C. Verses 12-21 are a discussion of Jesus as the second Adam (cf. I Cor. 15:21-22, 45-49; Phil. 2:6-8). It gives emphasis to the theological concepts of both individual sin and corporate guilt. Paul's development of mankind's (and creation's) fall in Adam was so unique and different from the rabbis (who developed their doctrine of sin from Genesis 6), while his view of corporality was very much in line with rabbinical teaching. It showed Paul's ability under inspiration to use or supplement the truths he was taught during his training in Jerusalem under Gamaliel (cf. Acts 22:3).
The Reformed Evangelical doctrine of original sin from Genesis 3 was developed by Augustine and Calvin. It basically asserts that humans are born sinful (total depravity). Often Psalm 51:5; 58:3; and Job 15:14; 25:4 are used as OT proof-texts. The alternate theological position that humans are progressively, morally and spiritually, responsible for their own choices and destiny was developed by Pelagius and Arminius. There is some evidence for their view in Deut. 1:39; Isa. 7:15; and Jonah 4:11; John 9:41; 15:22,24; Acts 17:30; Rom. 4:15. The thrust of this theological position would be that children are innocent until an age of moral responsibility (for the rabbis this was 13 years old for boys and 12 years old for girls).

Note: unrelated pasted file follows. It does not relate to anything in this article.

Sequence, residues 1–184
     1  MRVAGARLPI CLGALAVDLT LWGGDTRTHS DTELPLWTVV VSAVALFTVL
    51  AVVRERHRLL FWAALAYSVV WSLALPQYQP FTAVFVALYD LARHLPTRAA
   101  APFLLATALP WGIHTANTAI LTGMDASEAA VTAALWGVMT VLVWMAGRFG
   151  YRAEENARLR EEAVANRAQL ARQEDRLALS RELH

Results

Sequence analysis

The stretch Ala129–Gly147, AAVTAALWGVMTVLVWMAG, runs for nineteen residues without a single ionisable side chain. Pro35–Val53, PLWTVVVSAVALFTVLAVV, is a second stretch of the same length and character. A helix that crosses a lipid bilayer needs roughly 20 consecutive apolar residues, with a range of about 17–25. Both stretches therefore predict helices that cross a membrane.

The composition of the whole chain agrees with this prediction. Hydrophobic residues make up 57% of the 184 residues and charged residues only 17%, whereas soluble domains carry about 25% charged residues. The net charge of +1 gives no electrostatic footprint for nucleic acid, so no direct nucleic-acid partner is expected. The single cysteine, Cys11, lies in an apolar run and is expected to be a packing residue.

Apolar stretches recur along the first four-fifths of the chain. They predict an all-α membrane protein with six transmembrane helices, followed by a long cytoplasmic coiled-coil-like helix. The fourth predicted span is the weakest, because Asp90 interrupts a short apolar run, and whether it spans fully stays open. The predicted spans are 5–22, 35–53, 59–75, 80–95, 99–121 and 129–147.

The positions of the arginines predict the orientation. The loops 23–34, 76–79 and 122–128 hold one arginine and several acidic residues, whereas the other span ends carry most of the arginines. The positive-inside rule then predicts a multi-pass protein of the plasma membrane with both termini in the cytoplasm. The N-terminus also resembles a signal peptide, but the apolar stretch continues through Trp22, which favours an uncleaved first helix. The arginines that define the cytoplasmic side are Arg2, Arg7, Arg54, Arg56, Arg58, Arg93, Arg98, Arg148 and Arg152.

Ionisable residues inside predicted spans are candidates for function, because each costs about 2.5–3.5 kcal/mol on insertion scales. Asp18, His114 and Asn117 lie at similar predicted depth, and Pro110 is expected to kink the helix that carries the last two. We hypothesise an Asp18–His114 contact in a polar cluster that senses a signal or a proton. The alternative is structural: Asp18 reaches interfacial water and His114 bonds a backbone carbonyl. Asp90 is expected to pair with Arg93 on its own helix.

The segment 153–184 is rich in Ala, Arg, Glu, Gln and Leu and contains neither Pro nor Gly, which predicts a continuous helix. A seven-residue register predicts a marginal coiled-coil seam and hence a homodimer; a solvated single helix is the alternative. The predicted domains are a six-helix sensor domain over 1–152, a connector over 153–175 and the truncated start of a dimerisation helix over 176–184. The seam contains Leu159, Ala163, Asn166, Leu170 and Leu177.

There is a mediating position in which both an innate evil propensity and an age of moral responsibility are both true! Evil is not only corporate, but a developing evil of the individual self to sin (life progressively more and more apart from God). The wickedness of humanity is not the issue (cf. Gen. 6:5,11-12,13; Rom. 3:9-18,23), but the when, at birth or later in life?